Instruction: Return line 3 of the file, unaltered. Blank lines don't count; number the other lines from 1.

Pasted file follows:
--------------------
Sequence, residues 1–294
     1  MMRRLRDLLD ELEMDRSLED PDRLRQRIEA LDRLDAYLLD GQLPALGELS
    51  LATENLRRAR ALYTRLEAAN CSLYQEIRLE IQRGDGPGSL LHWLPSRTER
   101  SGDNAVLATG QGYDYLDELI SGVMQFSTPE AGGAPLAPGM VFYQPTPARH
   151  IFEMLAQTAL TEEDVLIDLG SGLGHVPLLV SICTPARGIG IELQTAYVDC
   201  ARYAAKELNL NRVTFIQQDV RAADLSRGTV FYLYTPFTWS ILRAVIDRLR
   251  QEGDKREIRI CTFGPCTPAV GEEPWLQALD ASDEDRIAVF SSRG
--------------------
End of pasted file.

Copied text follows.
    51  LATENLRRAR ALYTRLEAAN CSLYQEIRLE IQRGDGPGSL LHWLPSRTER